School your clients from the beginning. The minute your bill is late, call your client right away. You’ll only have to call them one or two more times. You may be worried about losing clients, but if that happens, maybe it’s better you don’t work with them.
Reputation management from day one is very important. You must be able to make deadlines and provide your clients quality work. If you don’t, it won’t be long before the client starts thinking they don’t need you.
Business development or self promotion should be done as part of your non-billable time (which should be about 20 percent of your total hours). You should treat yourself as a client and devote a certain amount of your time to promote your skills or firm. For some people, business development can mean attending luncheons or networking events where you can meet people and set business meetings. For others, business development might mean putting your time in to completing RFPs. However, you have to be careful, because potential clients might think they own the ideas that you propose. Some practitioners put a copyright mark on proposals to ensure they are paid if the client wants to use their ideas.
FPRA is also good for networking and business development. Sometimes you’ll need to work with other people in other cities. You may even have to subcontract work in another community on the ground. Likewise, others may need to contact you to subcontract work. Make those connections before you need them.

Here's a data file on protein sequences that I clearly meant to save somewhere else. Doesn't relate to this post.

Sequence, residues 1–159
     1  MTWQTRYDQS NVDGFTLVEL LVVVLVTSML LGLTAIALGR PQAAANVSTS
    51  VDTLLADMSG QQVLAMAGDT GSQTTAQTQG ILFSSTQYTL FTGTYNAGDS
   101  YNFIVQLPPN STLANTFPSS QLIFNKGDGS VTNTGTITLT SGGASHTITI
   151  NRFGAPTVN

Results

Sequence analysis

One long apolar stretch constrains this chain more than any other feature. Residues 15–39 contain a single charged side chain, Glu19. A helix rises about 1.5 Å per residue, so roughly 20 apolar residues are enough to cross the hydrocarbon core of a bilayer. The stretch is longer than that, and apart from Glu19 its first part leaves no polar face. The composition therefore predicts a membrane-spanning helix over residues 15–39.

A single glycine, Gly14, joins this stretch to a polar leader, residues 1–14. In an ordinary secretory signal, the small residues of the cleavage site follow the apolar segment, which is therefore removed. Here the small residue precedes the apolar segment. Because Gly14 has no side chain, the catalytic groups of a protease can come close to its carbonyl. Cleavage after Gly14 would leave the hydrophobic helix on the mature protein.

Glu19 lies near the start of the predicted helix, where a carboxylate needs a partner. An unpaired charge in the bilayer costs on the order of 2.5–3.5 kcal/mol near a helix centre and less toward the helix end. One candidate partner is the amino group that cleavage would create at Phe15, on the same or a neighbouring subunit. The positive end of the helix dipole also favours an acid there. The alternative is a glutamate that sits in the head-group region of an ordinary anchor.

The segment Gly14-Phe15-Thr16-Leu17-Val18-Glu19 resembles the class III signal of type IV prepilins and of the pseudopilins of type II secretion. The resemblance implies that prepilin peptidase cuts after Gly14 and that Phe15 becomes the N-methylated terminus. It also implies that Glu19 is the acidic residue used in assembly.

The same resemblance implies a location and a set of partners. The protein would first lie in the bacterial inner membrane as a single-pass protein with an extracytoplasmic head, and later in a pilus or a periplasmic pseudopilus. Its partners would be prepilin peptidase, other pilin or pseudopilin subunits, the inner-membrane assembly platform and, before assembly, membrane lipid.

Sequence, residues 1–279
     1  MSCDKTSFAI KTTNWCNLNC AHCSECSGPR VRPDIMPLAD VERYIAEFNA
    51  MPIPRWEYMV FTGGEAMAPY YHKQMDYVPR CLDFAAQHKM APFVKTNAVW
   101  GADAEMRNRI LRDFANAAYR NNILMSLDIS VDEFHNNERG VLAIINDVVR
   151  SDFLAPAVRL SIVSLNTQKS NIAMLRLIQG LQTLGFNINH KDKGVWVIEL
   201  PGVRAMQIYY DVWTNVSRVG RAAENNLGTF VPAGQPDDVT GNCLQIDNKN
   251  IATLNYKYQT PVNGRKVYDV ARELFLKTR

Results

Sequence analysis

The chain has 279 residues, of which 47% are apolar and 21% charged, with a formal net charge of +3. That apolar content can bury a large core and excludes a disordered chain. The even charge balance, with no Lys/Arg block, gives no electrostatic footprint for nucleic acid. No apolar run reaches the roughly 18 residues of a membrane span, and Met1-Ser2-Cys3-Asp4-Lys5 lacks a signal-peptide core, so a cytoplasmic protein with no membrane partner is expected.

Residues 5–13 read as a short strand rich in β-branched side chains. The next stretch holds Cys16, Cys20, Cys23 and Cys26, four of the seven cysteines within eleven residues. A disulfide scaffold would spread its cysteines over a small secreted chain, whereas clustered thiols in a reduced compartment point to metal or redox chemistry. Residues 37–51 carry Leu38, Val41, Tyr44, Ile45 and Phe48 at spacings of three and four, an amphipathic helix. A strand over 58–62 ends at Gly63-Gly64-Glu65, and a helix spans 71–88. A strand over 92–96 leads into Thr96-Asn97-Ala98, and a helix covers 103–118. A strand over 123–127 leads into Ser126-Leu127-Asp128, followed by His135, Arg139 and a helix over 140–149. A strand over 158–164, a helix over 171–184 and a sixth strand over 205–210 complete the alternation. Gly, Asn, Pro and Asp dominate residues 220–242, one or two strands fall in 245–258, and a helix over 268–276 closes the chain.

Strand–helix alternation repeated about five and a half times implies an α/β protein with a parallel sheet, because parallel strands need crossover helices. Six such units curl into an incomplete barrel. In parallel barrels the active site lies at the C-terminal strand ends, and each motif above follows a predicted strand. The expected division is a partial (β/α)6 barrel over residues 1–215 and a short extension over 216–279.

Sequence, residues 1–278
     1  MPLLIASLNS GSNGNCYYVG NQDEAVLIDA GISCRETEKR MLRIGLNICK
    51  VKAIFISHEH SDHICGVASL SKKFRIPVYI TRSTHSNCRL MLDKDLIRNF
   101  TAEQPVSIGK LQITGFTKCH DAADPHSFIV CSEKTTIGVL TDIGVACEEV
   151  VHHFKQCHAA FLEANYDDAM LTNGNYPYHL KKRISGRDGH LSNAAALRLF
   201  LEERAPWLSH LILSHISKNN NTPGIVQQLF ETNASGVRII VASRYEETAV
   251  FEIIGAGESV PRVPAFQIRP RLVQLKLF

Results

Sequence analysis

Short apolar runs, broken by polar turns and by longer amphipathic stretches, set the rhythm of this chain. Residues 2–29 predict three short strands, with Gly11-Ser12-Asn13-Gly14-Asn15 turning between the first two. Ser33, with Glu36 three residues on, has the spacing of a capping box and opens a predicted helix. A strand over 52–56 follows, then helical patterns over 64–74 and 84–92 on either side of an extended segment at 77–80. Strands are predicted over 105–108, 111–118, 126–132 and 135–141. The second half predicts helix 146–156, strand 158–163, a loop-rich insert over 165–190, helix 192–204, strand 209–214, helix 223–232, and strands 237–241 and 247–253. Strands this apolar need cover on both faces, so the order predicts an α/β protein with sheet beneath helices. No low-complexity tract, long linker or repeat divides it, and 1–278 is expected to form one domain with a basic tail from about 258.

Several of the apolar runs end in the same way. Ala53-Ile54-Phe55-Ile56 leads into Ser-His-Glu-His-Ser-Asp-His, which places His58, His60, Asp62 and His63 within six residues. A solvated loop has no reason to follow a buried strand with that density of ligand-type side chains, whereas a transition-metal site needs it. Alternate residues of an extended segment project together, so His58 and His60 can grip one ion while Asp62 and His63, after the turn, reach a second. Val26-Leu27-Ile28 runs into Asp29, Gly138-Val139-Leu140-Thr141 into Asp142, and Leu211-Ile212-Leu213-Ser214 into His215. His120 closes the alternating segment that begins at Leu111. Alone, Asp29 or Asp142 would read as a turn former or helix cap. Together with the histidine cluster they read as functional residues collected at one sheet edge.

If you are trying to get work with corporations, you contact the PR department first. You can also go to an EDC luncheon, Kiwanis or Rotary meeting, and Chamber of Commerce events to meet the right people in the corporate world. If your clients play golf, find them on the golf course. Think of how you can get into their circles and do it.
Plan your strategy around your client’s desired outcomes. When you talk to clients, ask what success looks like for them. Get them to give you some benchmarks before you give them a proposal. You may need to have meetings beyond the RFP. Don’t be so specific in your proposals; give the 30,000 foot perspective.
Read Joe Curley’s white paper, “Meeting the Challenge: Employee to Employer.”
Joseph J. Curley, APR, CPRC has practiced public relations in Florida for more than 35 years and is now semi- retired. He was the co-founder and president of one of Florida’s largest PR firms, Curley & Pynn Public Relations Management in Orlando, which he sold in 2004. Currently a public relations and marketing consultant at his own firm Stingray Solutions Inc., Curley is retained by Universal Studios Parks & Resorts as senior corporate communications counsel, international marketing & PR. He is directly involved in theme park projects in Singapore, Dubai and South Korea. He recently served for six years on the Communications and Public Relations Advisory Board for the University of Florida, which he co-chaired for two years. He is a past national president of the Public Relations Society of America Foundation, and a past state president of the Florida Public Relations Association. In 1993, 2005 and 2009 he was honored with FPRA’s highest statewide awards for outstanding professional leadership. He is a graduate of the Executive Management Program at Rollins College Graduate School of Business. In 2009, Curley was one of two alumni inducted into the Evergreen Park Community (Chicago) High School Hall of Fame.